Intellectual Property Licensing for the Purposes of the Technology Transfer Block Exemption Regulation (TTBER)


  • Mirza Gogic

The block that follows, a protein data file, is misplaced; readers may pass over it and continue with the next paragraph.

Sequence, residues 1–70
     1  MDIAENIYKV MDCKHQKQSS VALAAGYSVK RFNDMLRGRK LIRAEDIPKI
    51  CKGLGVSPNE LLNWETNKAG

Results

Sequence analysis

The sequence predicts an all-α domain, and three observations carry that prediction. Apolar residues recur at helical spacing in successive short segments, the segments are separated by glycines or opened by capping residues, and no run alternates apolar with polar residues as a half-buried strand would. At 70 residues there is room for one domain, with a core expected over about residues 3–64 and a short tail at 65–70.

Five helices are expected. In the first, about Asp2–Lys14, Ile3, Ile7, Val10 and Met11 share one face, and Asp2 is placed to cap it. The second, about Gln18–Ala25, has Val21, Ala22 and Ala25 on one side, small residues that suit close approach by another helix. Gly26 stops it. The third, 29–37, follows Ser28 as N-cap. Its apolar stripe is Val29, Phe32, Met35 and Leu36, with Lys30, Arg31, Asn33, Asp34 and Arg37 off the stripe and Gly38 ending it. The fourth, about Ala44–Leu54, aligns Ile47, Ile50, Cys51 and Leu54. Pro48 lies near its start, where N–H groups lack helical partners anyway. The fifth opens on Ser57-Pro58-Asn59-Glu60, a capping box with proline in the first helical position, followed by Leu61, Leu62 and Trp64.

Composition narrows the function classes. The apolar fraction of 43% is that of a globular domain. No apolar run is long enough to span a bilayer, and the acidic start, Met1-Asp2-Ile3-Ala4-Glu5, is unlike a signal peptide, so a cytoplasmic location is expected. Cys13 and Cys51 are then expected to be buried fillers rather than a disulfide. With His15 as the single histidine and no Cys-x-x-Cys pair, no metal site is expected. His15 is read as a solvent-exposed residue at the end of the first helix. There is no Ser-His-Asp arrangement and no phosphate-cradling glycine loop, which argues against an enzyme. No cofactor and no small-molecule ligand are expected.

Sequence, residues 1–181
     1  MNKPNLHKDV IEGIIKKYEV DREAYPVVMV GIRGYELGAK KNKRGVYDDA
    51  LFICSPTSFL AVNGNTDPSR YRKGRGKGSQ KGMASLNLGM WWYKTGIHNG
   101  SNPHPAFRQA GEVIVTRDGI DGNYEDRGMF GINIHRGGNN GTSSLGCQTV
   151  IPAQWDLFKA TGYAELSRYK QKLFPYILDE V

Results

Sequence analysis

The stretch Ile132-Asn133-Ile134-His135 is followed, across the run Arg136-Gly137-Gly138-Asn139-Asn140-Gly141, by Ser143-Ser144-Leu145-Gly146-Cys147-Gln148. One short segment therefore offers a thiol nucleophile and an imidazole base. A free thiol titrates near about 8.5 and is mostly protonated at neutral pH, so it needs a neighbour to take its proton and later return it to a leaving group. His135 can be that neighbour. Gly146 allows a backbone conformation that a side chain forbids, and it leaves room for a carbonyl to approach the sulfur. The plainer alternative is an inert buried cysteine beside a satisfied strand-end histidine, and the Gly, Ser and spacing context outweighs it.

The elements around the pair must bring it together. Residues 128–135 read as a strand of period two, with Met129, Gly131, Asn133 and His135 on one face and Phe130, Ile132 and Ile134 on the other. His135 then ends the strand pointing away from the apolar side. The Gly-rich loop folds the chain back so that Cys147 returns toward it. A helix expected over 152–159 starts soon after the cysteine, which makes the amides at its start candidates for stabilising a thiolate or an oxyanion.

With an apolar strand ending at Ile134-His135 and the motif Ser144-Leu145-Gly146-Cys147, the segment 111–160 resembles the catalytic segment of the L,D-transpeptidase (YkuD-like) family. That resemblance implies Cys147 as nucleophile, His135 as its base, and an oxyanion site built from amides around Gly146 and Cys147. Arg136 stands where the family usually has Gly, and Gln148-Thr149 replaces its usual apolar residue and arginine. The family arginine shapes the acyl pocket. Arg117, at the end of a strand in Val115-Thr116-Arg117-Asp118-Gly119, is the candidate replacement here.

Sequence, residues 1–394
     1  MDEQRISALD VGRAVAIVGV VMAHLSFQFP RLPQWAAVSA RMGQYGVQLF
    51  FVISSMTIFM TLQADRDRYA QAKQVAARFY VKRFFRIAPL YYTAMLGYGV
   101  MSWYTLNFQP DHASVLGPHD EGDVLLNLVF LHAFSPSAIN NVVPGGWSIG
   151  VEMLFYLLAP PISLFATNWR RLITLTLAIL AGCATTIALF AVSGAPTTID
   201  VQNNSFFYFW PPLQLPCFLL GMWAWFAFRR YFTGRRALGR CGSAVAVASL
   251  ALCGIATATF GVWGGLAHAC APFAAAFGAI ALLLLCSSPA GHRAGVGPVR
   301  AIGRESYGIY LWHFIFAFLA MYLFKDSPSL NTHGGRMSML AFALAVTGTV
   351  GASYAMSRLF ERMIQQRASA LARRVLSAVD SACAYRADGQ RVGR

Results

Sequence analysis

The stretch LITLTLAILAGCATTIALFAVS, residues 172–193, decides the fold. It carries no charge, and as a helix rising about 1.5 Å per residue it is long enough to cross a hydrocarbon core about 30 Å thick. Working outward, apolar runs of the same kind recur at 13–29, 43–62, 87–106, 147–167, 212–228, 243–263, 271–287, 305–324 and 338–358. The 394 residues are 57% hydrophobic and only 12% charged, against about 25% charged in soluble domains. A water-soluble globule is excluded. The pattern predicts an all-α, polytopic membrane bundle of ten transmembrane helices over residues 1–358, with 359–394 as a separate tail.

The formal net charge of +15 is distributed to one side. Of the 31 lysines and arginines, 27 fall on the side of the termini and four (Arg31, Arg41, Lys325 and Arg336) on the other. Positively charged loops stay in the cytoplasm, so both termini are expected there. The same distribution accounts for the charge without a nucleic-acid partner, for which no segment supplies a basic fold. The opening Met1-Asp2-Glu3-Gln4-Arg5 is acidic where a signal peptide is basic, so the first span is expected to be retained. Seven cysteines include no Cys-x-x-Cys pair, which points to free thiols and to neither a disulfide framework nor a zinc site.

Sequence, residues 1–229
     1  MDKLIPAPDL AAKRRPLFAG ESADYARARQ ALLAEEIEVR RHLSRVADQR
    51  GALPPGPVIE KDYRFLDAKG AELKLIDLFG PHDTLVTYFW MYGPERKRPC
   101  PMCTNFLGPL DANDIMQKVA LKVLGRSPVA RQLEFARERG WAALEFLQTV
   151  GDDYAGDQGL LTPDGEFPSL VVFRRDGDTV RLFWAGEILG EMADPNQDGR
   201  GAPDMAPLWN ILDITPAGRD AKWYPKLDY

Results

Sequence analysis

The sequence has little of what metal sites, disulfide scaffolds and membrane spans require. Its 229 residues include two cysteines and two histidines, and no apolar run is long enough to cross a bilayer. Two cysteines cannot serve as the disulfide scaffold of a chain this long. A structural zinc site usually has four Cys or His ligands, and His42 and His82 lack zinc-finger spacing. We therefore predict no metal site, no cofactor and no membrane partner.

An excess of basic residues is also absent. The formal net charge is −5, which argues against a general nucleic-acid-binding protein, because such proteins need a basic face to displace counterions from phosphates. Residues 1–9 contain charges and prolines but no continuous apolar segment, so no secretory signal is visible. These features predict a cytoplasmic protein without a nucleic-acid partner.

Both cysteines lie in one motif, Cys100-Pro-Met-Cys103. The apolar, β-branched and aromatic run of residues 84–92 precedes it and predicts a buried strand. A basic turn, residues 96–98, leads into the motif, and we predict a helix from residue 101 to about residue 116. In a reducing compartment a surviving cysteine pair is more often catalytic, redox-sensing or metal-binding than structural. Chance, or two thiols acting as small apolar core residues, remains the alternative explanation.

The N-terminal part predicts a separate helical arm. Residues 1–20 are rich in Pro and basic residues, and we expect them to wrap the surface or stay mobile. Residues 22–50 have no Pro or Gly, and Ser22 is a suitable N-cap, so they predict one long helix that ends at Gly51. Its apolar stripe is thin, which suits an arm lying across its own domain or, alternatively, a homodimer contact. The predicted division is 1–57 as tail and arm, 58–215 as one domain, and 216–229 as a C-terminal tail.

Interaction between technology licensing and EU Competition rules drastically changed seven years ago. Before this change in approach, applying competition law rules to licensing agreements was a relatively simple matter of identifying restrictive provisions of the agreement and proofing them against a block exemption regulation. There was no need to fully understand the competition policy or mechanics of Article 101 TFEU1. It all changed when the Commission decided to modernize its approach, which ended in adoption of Technology Transfer Block Exemption Regulation (TTBER) and extensive guidelines related to licensing agreements. In order to give a full picture on this interaction the paper will examine in detail how and why intellectual property rights [hereinafter IPRs] are being licensed, what kind of licenses exist, and what the key issues in licensing IPRs are. Because the focus is on block exemption regulation and the hardcore restrictions therein, only the four IPRs that the TTBER applies to, will be analyzed. Since the vast majority of scholarship globally that cover the issues related to interaction between competition rules and intellectual property rights licensing, turn immediately to the very core of the problem (hardcore restrictions in the agreement, position of the contracting parties, reduction of dynamic efficiency etc.) there is a need for scholarship that outlines the starting point and assumptions underlying the aforementioned issues and thoroughly guides a less IP-educated reader of such materials into the area with less difficulty. One must keep in mind that the Commission’s concern is aggravated regarding IPRs, due to the fact that they are territorial in their nature (the content of IPRs in one country is determined by the law of that country and effective only within that jurisdiction), which makes their exercise inherently restrictive of the free movement of goods in the internal market. The inherent contradiction between free trade and IPR protection has been recognized globally. The Agreement on Trade Related Aspects of Intellectual Property Rights (TRIPS)2, which is administered by the World Trade Organization, sets forth minimum standards for protection of IPRs for WTO Member States, thus leveling the playground for holders of IPRs and other players on the market.